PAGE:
“It’s a shame,” Julius said. “It seems that hope has died for many of us in less than a couple of decades. But I’m not giving up. This is a new endeavor for me. I’ll work on improving my presentation, and then I’ll come back. You can count on that –”
From the classroom came the sound of one of the students singing the gospel hymn Amazing Grace. Julius heard other kids start snickering. A girl’s mocking voice said, “Why don’t you ask him to buy you a straightening comb or some S-Curl?” and the class broke out in laughter.
A girl stepped out of the classroom into the corridor. She spotted them and headed their way.
She was a sepia-complexioned young lady wearing frayed cornrows. Julius noticed that her skirt and blouse were a bit snug on her stout frame, as if they were hand-me-downs or clothing that she’d outgrown.
When the girl reached them the teacher asked, “What is it, Grace?”
The girl didn’t acknowledge the teacher. She looked up at Julius, directly into his eyes. She didn’t smile, but she didn’t look hostile or hesitant, either. Looking at her, Julius felt that her eyes were those of someone much more mature than her fourteen or fifteen years. And he noted that in spite of the fact that she wore the trappings of poverty, there was nothing pitiable about her carriage. Rather, there was a dignity in the girl’s bearing.
She said, “Mr. St. Christopher…Sir, may I ask you a question?”
“Are there colleges that teach cooking?”
“Yes, there are many schools that offer courses in culinary arts. In fact there’s one not far from here, right across the bridge in New York.”
“If I do what you say, sir – if I maintain a B in every class – will you send me to a school like that?”
Julius noted that the girl spoke with a slight accent. If he’d had to guess he’d say she was originally from the West Indies. “So you want to be a cook, young lady?”
The teacher said, “Grace, you do understand that the grade requirement isn’t for a semester or a year, don’t you? You have to maintain no less than a B in every class until you graduate high school.”
Now the girl looked at her teacher. Still unsmiling she said, “I understand.” She looked back up at Julius. “No sir, Mr. St. Christopher. I don’t want to be a cook. I can cook now. I want to be a chef. A master chef.”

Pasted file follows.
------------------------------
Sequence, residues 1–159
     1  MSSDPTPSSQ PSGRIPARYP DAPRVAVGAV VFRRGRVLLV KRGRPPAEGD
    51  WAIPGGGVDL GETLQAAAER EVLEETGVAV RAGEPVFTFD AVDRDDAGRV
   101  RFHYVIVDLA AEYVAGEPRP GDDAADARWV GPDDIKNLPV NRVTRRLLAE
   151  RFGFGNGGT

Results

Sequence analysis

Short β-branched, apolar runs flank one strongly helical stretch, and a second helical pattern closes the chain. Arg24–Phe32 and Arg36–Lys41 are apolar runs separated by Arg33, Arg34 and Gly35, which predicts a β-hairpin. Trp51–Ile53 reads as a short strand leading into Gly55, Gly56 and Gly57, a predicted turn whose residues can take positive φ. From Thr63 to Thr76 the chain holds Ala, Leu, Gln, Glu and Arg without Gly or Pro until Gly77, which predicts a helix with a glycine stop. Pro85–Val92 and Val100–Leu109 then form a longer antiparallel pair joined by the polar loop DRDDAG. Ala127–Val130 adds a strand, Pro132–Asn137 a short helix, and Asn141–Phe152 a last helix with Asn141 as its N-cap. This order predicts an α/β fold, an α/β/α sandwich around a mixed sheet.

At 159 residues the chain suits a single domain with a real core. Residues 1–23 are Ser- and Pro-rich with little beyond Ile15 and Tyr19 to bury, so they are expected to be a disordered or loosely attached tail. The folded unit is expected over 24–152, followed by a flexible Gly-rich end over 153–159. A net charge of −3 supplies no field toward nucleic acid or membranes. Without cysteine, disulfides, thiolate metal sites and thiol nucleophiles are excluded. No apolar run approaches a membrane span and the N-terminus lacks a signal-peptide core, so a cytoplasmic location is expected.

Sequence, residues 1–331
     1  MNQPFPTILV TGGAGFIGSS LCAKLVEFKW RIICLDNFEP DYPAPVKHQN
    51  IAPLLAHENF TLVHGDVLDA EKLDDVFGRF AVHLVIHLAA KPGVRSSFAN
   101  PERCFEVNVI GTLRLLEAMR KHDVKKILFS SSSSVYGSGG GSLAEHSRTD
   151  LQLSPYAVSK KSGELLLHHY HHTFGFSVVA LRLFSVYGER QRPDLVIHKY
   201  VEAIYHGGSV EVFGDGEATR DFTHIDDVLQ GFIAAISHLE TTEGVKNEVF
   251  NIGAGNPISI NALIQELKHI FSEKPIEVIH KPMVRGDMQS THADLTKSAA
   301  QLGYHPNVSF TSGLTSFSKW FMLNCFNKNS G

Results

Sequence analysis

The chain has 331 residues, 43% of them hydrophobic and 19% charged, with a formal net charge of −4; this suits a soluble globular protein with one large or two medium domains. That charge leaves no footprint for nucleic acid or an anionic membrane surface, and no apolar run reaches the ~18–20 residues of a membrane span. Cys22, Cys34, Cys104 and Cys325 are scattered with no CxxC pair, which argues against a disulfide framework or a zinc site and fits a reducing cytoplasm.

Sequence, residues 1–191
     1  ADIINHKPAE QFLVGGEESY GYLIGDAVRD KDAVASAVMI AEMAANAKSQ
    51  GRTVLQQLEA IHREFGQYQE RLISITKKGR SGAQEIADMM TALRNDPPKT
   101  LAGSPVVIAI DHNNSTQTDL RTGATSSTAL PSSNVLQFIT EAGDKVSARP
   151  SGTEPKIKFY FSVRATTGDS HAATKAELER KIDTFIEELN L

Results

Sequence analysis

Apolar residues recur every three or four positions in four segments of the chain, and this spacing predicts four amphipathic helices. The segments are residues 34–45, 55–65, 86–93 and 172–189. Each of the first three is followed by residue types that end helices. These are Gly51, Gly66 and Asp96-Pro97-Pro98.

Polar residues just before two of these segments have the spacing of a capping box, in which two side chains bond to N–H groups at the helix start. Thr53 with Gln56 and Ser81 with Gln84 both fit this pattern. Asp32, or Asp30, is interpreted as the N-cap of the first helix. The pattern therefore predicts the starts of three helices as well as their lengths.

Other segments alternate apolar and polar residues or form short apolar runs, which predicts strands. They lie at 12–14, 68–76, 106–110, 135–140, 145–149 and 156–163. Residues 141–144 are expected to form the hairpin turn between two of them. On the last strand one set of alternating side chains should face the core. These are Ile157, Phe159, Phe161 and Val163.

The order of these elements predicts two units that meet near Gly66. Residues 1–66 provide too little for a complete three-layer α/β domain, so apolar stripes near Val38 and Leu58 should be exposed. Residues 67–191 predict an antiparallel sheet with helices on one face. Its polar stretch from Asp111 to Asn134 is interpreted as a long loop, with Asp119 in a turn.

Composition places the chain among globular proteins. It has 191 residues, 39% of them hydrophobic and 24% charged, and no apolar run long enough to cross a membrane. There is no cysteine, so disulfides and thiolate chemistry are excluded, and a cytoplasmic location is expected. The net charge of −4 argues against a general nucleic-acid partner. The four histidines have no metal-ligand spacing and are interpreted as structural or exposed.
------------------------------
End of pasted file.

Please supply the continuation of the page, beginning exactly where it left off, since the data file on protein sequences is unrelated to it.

He smiled at the girl. She didn’t smile back. He said, “I see. Well Grace, if you fulfill the terms of the contract and hold up your end of the bargain, then I’ll hold up mine. I’ll pay for your education at the culinary school of your choice.” He held out his hand. “Do we have a deal?”
Grace took his hand and shook it. “Yes sir.”
“Good. It’s very nice to meet you, Grace.”
“It’s nice to meet you, sir.”
“Oh, and this is my son, Julian. Julian, say hello to Miss Grace…I’m sorry, what’s your last name?”
Julius said, “Julian, say hello to Miss Grace Trouillot.”
His son held out his hand, the way Julius taught him to do when meeting someone formally. He said, “Hello, Miss Trouillot.”
The girl looked down at him. Now, for the first time, she smiled. She took nine-year-old Julian’s hand, shook it and said, “Hello, Mr. St. Christopher.”
Don’t forget to check out the first three episodes in the Passion Series:
Mapleton, North Carolina, 1955
Joshua walked up the dirt road, his aching feet dragging, his battered work boots kicking up dust. The dust didn’t matter. He was already so dirty and sweaty that it was going to take three baths before he felt anywhere close to being clean again.
His legs and thighs ached, but that ache was nothing compared to the agony in his back and shoulders. He wiped his brow with the back of his arm and gazed toward the heavens. The summer sun was low in the sky, but still the late day heat was stifling.
Lord, give me strength…
This was his first day on the job – twelve hours breaking his back in the tobacco fields under the sweltering sun. Every muscle in his body cried out for him not to go back tomorrow, to find some easier way to earn a living. But there was no other way. And he was thankful just to have the job.
There’d been some news today that there might be trouble coming. Some woman down in Alabama had refused to give up her seat on the bus to a white man, and she’d been locked up for her trouble. Folks were worried that just to make sure nobody starting getting any such ideas here in Hertford County, the nightriders might make an example out of somebody. So everybody in the fields today was nervous. And nobody slacked off on the job.
He’d been walking for over two hours, and finally his little house came into view up ahead. It wasn’t much – just two rooms and an outhouse – but it was home. Their first home. He’d rented the place from the same man in whose fields he’d spent this day breaking his back.
Even looking at their home from a distance Joshua was reminded that the place needed some work, starting off with patching the hole in the tin roof before the next rain. He figured he’d get to that tonight after supper.
Lord, I’m so tired.
Now that home was in sight his aching body felt as if it wanted to give up. He felt like he could just fall out right here, lay his head in the dirt and sleep his life away.
But he kept walking.
He thought about how hard this day had been, and that all he had to look forward to was more days and weeks and months and years like this one, days in which he worked his body until he had nothing left. He thought about getting up tomorrow and the next morning, six days a week, to do it all over again. That’s how his father had lived his life, and his father before him. And that was what he had to look forward to.
He was a man, but the thought made Joshua blink back tears of despair.
Lord, why have you made my life so hard?
As he limped into his front yard the aroma of skillet fried pork chops, collard greens seasoned with fatback and fresh hot cornbread greeted him. His stomach rumbled a return call.